That is what my friend said when I snapped a picture of it and sent it to her. And it was my first thought too when I saw it washed up on the mudflats of Lake Tsala Apopka. It looked half-gator and half-fish. You see, I am relatively new to Florida and in New York we do not have such strange looking fish in our fresh water. My educated guess was that it was a gar and since it had an alligator head, could it be called an alligator gar? Is there such a beast? Well, yes.
I knelt over this fish and pondered how its desiccated body ended up here on the edge of the lake. This fish has few enemies, especially when it reaches full size of over 6 feet. If this is a female it could have lived up to 50 years; if it was a male – half that age. (Sound familiar guys?)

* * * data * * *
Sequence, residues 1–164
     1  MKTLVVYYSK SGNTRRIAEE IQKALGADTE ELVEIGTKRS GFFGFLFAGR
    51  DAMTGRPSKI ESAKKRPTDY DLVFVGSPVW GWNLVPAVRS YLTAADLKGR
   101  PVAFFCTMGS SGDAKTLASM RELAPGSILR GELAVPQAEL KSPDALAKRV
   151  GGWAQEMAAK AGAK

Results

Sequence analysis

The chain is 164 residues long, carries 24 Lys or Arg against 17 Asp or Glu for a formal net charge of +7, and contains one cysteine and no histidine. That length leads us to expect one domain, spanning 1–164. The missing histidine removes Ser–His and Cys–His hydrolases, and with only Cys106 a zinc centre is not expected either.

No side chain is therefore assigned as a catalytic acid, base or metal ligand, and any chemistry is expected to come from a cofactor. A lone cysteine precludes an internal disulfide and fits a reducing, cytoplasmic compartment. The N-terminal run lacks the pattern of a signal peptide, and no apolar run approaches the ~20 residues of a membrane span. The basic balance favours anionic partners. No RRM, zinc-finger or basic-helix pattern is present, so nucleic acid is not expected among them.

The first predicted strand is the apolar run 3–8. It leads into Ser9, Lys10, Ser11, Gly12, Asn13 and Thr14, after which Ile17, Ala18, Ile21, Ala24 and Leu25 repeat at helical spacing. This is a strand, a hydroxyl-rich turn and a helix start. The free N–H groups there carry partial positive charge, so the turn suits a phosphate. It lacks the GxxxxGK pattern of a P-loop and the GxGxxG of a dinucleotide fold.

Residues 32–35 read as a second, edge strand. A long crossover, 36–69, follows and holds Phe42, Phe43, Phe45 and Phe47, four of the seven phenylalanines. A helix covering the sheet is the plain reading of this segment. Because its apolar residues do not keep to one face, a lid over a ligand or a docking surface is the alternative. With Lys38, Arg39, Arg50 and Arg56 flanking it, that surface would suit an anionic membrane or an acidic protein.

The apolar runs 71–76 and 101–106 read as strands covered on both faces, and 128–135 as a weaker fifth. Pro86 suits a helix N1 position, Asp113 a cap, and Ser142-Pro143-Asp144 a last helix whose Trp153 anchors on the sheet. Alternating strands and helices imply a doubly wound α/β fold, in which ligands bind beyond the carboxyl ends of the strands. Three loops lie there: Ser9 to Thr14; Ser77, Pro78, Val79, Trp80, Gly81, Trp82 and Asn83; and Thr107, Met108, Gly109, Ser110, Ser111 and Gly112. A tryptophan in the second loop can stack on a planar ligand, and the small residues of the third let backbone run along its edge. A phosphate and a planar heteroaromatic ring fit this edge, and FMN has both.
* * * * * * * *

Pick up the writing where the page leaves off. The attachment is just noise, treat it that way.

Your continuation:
A splash on the water draws my attention to the plethora of small fish that forms the basis of the food web that the gar is intertwined with. The alligator gar is protected in Floirda becasue it is such an important part of the ecosystem and has declined in recent years. I stood up and looked out over the lake and wondered how many more alligator gar are here and what would happen if these unique fish disappeared from this ecosystem. Hopefully, this will never happen.